A new study on audiobook consumption found growth in audiobooks continues to be driven by Millennials and Gen Z. Why should you care? How refreshing. An article not about Millennials killing something. Seriously though, over the past few years, Pew, Inc. and the American Association of Publishers, among others, have noted the rapid rise and overall boom of audiobooks. While there are some interesting audiobook-specific takeaways, we can also derive more universal insights about these elusive and confusing generations from their behaviors. First, younger generations enjoy consuming media simultaneously with completing other tasks. Several noted how, like podcasts, younger generations consume audiobooks while exercising, driving, or completing chores. This indicates they are time-strapped and while they looking for ways to learn and be entertained, they have to smart and strategic to make time for this. Second, they are likely to get audiobooks from the library. This tells us they are likely cash-strapped, so price is very important. Third, as local libraries are a main source for audiobooks, this may signal a few of their values such as support for local institutions and/or convenience as many of the libraries have simple platforms to download the books straight from their website. [Book Riot]

4. Party like it’s a Taco Bell interview

To combat hiring difficulties in a job-seeker’s market, Taco Bell is hosting hiring parties midday to recruit new employees. Why should you care? It may seem bizarre, but its smart for a lot of different reasons. First, this provides everyone from the casually curious to the serious candidate an opportunity to casually interact with potential colleagues and managers. Second, this makes Taco Bell stand out. Why interview with one of their competitors when you can party at Taco Bell? Though hiring trends are cyclical, to ride out the job-seeker’s market, smart brands will look for opportunities to stand out in ways that authentically broadcast their culture and values. [The Motley Fool]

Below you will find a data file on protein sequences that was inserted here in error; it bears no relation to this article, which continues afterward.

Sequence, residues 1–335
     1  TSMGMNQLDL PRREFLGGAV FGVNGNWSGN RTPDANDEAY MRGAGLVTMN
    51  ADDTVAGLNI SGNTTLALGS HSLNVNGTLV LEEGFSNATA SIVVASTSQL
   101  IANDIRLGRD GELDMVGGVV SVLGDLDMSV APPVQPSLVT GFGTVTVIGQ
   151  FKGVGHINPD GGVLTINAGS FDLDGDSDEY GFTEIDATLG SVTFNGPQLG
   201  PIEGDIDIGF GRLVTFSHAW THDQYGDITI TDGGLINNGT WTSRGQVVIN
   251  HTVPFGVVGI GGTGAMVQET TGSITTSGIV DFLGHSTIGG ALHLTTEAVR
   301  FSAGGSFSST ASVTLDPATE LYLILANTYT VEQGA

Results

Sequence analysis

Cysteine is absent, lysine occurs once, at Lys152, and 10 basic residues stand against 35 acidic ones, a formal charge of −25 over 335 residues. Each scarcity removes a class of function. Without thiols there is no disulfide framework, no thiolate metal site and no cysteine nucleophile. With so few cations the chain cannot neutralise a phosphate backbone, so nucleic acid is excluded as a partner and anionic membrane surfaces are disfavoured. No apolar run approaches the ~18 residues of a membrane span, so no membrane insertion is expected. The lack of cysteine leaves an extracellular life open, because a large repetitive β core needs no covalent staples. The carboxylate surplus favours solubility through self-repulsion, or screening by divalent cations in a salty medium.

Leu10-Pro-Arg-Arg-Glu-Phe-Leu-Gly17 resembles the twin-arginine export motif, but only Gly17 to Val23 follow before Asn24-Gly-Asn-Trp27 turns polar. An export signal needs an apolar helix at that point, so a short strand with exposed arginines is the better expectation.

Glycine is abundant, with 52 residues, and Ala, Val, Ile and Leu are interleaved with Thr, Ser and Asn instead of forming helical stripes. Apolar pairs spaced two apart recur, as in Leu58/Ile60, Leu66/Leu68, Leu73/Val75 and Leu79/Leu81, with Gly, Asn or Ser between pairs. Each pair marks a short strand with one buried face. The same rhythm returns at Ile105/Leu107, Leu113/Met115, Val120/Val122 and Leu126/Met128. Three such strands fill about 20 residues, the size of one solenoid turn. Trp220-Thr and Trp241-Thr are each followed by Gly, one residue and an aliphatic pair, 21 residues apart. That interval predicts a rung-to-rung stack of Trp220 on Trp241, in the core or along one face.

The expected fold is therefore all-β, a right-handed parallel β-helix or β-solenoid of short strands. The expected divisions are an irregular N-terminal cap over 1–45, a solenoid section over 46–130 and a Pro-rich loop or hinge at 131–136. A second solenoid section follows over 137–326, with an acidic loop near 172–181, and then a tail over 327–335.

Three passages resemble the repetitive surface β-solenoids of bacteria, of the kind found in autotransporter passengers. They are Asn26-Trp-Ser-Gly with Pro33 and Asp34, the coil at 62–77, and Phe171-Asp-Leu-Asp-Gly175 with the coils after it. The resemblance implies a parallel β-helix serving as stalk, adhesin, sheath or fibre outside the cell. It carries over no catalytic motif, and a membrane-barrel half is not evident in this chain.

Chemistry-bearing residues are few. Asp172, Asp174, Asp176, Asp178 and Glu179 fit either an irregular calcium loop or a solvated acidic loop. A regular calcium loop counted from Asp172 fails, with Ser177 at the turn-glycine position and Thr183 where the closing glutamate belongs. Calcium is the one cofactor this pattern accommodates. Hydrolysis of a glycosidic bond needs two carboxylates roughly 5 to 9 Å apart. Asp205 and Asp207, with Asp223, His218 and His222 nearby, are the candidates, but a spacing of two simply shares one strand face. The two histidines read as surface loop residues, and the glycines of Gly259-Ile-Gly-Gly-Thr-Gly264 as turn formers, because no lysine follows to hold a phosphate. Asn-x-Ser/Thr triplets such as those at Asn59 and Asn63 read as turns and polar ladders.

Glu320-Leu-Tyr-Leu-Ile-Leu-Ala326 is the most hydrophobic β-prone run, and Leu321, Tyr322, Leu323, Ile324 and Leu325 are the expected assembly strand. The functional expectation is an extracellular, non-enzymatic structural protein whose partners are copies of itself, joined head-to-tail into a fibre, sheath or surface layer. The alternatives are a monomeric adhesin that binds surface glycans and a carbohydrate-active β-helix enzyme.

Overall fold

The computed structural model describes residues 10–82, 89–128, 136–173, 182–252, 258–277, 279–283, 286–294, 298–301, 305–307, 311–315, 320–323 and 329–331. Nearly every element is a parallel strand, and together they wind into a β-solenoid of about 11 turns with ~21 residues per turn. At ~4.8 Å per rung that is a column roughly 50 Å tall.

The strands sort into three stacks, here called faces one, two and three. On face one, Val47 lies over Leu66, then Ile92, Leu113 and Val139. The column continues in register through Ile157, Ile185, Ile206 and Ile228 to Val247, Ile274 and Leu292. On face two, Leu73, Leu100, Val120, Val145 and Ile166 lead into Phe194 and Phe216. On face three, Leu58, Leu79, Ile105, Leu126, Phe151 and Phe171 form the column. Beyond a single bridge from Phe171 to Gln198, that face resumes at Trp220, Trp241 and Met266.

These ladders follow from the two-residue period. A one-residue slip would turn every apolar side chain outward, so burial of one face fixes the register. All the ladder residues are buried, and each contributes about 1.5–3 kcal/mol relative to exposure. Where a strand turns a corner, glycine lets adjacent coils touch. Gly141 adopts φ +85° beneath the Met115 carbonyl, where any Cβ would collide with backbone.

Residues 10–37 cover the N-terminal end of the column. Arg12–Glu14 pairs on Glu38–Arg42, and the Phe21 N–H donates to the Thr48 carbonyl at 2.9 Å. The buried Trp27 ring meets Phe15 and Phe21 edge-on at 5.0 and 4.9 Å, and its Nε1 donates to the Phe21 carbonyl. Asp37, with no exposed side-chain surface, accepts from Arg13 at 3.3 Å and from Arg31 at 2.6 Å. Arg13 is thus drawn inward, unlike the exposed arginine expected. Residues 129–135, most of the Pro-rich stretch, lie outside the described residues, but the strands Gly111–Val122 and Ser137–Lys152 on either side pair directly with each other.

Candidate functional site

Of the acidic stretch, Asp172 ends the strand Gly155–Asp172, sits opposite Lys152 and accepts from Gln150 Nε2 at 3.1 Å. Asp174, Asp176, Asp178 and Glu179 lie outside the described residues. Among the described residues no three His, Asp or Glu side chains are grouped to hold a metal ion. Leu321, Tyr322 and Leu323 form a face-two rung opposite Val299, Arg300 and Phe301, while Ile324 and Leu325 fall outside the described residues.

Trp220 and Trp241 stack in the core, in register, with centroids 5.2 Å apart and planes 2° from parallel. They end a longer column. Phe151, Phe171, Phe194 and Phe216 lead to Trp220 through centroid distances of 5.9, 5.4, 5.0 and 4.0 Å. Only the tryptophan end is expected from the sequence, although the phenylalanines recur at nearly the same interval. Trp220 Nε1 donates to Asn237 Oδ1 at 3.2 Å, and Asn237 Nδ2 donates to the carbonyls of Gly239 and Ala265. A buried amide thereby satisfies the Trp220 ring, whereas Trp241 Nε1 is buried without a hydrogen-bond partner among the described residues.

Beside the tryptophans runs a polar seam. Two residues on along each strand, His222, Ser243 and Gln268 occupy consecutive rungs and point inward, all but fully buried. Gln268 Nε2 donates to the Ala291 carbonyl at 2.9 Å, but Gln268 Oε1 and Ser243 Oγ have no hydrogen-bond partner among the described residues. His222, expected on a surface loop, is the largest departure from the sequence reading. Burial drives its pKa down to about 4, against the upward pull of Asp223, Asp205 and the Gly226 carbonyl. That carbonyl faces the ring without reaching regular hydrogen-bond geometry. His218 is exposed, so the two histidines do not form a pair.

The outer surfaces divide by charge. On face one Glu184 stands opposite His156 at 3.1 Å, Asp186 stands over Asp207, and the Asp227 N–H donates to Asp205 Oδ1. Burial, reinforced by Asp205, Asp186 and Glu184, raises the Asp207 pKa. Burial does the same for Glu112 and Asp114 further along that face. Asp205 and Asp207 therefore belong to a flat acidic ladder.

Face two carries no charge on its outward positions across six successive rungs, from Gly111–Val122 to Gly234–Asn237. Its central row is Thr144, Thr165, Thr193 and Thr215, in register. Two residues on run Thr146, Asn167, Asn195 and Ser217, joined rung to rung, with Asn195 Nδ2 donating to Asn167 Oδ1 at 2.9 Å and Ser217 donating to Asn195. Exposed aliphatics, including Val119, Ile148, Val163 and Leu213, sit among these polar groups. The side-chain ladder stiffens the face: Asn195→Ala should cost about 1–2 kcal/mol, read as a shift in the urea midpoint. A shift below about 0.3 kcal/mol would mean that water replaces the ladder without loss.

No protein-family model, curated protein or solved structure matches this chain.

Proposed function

5. Bedroom posters – social media casualty or analog renaissance?

Posters, once a staple and quintessential symbol of the teenage bedroom, are changing due to media representations and social media. Why should you care? According to Vox, there are several reasons posters don’t feature as prominently in pop culture and American life anymore. For teenagers, “The teen bedroom is in an odd tension with social media…On the one hand, if you can post everything you like and everything that defines you on the internet in seconds, why would you waste the time and money to also tape it up on your wall?” At the same time, blockbuster movies in recent years like Lady Bird (2017) and To All the Boys I’ve Loved Before (2018) no longer feature posters in teenage bedrooms. Whether an artistic choice and/or a reflection of the red tape around approving posters for a film, posters are noticeably absent from films. Without pop culture icons to encourage posters as decor, the online locus of personal expression and lack of privacy in personal spaces (for example, vlogging from your bedroom means your decor choices are public), posters have lost their prominence in culture. However, some expect that like vinyl and other past relics seeing a resurgence, poster sales may grow as part of the “analog renaissance,” making this a potential opportunity for brands with the right following. Even so, brands should remember that this will still likely look different for today’s teenager than it did when they were that age. [Vox]